Forgive an aging education-reformer’s reminiscences, but LBJ’s declaration of war on poverty shaped the next 50 years of my life.
I was a Harvard undergraduate at the time, dabbling in social reform and social action via a slew of student-volunteer programs in schools, settlement houses, public-housing projects, and hospitals; not studying very hard; and expected by my family to join my father and grandfather in their Dayton law firm.
Then two things happened.
Professor Edward Banfield brought into his course on “urban problems” a young assistant secretary of labor named Daniel Patrick Moynihan, whose enthusiastic explanation of the nascent “war” fired my imagination — and introduced the man who would later become my doctoral adviser, chief mentor, and the source of three riveting jobs.
And Lyndon Johnson’s oft-stated conviction that education was the surest route to vanquishing poverty engaged both the do-gooder inclinations of a 20-year-old and reflected what I was seeing among children in poor neighborhoods of Cambridge and Boston and the miserable schools they attended.
Between LBJ and Pat Moynihan, I now had a sense of mission. So I applied to the ed school instead of the law school. And on it went from there.
In retrospect, I have no career regrets, but I’ve also learned a ton about the limits of formal education (which makes up a relatively small part of a person’s life); about the difficulty of changing our major institutions; about the hazards of inflating what Uncle Sam, in particular, can do to bring about such changes; about the predilection of our politics to place adult interests ahead of children’s; and about poverty’s dogged capacity to defeat just about every intervention that a free society can devise.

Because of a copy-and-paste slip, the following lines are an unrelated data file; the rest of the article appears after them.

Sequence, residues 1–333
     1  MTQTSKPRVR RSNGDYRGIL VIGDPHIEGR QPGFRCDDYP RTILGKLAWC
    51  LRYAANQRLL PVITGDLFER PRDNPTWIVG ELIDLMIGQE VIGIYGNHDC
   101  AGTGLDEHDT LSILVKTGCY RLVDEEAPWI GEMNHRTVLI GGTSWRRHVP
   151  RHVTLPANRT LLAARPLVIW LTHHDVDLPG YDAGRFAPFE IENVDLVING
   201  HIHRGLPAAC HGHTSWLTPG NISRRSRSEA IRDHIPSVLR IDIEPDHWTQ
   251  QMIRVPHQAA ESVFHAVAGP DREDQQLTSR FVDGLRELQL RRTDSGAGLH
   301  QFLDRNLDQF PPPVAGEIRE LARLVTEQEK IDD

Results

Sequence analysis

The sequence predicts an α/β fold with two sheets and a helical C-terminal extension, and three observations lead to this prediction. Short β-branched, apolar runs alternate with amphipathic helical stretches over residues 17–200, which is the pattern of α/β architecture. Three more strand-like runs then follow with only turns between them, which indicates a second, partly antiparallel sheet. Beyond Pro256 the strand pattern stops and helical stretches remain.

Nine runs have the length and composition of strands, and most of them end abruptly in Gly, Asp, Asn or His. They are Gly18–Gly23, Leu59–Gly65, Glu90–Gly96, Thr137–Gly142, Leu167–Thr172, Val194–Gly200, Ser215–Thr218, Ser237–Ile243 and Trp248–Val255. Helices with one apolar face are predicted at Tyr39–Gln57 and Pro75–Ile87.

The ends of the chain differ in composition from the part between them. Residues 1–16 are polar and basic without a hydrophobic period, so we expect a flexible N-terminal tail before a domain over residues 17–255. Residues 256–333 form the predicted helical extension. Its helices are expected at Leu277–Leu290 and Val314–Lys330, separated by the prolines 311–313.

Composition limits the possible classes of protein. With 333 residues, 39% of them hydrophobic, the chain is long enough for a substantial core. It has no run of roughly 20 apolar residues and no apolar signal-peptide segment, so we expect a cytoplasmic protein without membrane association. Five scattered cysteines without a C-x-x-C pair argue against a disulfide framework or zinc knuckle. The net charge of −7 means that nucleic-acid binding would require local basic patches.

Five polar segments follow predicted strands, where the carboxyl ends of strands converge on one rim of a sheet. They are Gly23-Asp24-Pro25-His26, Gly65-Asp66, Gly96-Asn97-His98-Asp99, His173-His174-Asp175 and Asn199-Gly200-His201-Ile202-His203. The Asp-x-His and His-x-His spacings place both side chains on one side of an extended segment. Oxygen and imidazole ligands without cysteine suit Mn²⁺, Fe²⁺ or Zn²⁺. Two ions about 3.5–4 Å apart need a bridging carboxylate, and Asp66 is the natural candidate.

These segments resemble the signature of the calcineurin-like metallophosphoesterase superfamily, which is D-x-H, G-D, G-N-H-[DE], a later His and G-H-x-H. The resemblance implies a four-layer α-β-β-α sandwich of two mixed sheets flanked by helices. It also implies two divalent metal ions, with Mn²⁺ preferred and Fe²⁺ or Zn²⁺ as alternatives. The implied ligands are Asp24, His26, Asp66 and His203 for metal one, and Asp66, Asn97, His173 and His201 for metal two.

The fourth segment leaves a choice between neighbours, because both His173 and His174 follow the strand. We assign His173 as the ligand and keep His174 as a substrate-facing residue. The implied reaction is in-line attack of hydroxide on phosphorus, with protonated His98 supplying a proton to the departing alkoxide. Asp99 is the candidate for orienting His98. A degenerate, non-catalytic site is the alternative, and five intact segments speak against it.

In short, I became both an education reformer and a neoconservative (back in the days when that honorable term had more to do with domestic than foreign policy).
Older. Wiser (or at least chastened). Less confident — but still determined.
-Chester E. Finn, Jr.
This first appeared as part of National Review Online’s symposium on the War on Poverty at 50.